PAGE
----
Top Tanning Questions, Answered

BY: Mae Rice |Jan 21, 2015
Top Tanning Questions, Answered

So … should I get naked?

It’s something any tanning newbie might wonder before their first salon visit. The answer? “We don’t care.” At least that’s according to Matthew Turner, owner of Chicago’s Halsted Street Beach Tanning. His salon offers UV tanning beds and airbrush spray tans, and going in the buff is fine for both styles.

That’s not to say you have to be naked, of course. “Whatever tan lines you want are fine,” he said. “But if you want to be naked, go for it.”

So that’s one mystery out of the way. Below, Matthew answers some other etiquette questions pertaining to his salon’s two signature tanning styles.

How freshly showered should you be?

“[Showering] like an hour before is the best,” Matthew said. As long as there’s a shower stored somewhere in your short-term memory, though, you’re probably good to recline in a bed or stand at the ready for an airbrush tan.

Is there anything you should avoid saying in an airbrush-tanning consultation?

Skip any references to Oompa Loompas.

“I understand you don’t [want to look like an Oompa Loompa],” Matthew said. Specifying that might imply that you think the technician doesn’t know how to do their job. “Personally, I take offense to it sometimes.”

You can say almost anything else, though. Some questions Matthew called out as totally reasonable: Is your airbrush-tanning spray organic? and How long have you been doing this? (Halsted Street’s spray is organic, and Matthew’s been airbrush tanning for 10 years.)

Can you tan for the full time listed on the bed during your first visit?

No. First off, that would be against Illinois law. More generally, “you need to be skin-typed. You don’t know the beds. … You don’t know how they’re lamped. You should always err on the side of caution.”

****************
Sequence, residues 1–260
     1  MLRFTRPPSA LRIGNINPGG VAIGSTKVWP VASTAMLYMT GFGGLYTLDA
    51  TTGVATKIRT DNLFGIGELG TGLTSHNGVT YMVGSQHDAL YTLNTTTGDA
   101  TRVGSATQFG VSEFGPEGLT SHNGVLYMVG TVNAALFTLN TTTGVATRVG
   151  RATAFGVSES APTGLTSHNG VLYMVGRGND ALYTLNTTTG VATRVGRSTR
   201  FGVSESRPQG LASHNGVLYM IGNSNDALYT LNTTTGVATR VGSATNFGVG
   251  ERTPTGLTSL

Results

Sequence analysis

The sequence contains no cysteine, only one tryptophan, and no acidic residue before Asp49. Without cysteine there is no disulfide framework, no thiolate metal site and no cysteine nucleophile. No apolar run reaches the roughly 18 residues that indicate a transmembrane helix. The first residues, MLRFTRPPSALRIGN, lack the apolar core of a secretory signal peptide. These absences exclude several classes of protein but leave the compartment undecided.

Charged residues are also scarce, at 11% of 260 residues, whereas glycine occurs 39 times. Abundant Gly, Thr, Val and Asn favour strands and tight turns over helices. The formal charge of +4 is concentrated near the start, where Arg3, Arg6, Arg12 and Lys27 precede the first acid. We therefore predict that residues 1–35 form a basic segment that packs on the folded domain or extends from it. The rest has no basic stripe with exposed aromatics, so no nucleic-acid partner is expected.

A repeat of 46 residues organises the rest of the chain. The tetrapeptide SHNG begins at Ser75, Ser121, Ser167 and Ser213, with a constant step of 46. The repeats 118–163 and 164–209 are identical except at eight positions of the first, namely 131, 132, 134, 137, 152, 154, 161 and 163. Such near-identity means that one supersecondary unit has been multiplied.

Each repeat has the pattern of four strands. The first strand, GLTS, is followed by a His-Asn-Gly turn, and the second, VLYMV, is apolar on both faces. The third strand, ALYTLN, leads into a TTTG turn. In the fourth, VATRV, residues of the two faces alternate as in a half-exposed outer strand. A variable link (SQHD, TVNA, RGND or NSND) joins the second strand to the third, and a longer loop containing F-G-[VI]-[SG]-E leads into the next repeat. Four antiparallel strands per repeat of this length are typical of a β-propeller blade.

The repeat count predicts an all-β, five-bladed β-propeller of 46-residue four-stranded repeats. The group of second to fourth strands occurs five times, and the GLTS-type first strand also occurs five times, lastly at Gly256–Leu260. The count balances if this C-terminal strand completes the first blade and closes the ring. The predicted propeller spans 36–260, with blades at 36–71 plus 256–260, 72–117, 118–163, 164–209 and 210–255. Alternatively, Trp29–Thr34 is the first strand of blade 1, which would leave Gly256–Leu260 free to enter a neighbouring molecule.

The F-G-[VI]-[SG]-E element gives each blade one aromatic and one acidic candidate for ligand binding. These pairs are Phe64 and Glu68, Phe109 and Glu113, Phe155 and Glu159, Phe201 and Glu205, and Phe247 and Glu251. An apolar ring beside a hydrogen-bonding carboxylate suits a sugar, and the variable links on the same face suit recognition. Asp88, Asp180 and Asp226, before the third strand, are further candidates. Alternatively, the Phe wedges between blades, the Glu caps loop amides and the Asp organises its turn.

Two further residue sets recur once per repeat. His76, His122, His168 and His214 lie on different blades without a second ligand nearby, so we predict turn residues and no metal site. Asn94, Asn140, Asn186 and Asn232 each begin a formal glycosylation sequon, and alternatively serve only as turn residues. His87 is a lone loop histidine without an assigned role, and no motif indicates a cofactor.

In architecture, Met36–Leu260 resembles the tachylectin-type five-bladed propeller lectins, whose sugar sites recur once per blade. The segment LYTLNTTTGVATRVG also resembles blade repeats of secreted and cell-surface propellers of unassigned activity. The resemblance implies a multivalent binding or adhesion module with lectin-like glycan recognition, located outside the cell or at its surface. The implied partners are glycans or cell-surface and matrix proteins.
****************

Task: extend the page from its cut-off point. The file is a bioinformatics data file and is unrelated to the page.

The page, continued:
Is “I have to burn before before I tan” a good mantra?

Matthew gave that “a big no with lots of exclamation points. … You do not have to burn to tan. In fact, you should never burn. Just tan!”

Can you wear sunscreen in a tanning bed?

No. “It’s not good for the acrylics in the bed.” If you’re worried about overexposure, shorten your tanning time instead.

Can you tan with non-contagious skin conditions, like eczema?

“Not even a problem,” Matthew said. This goes for bed tans and airbrush tans.

Fun fact about bed tans, though: a lot of dermatologists actually recommend tanning (or, at least, UV radiation in a medical setting) to treat eczema. Who knew?

After a bed tan, do you need to clean the bed?

Not unless it’s visibly sweaty. “That’s not your job. We have to clean everything, and there’s electronic components that we need to clean in a correct manner. I mean, if you left a pool of sweat, take the towel and dab that up. … I would consider that a common courtesy.”

How long can you spend in your private room during a bed tan?

At Halsted Street, you get five minutes to undress for a bed tan and up to seven minutes to dress afterward. “There’s usually somebody waiting for that bed,” Matthew explained.

That’s why his salon doesn’t have mirrors in its rooms—to prevent makeup touchups and other types of primping. Save that for the bathroom or the hallway mirrors.

Should you tip when you get an airbrush tan?

Yes. “Usually 20% of the full price is standard. … We are basically artists in spray tanning, because we are doing cosmetics. You’re getting a cosmetic applied to you.”

Should you tip when you get a bed tan?

No. “[Some people] leave a couple dollars [for] cleaning the bed,” Matthew said. “It’s nice, but it’s not something expected or even anywhere remotely required.”

Check out our other etiquette guides:

nail salon etiquette

10 Questions You Wish You Could Ask Your Nail Artist

bikini wax etiquette

Eight Awkward Questions About Bikini Waxes, Answered

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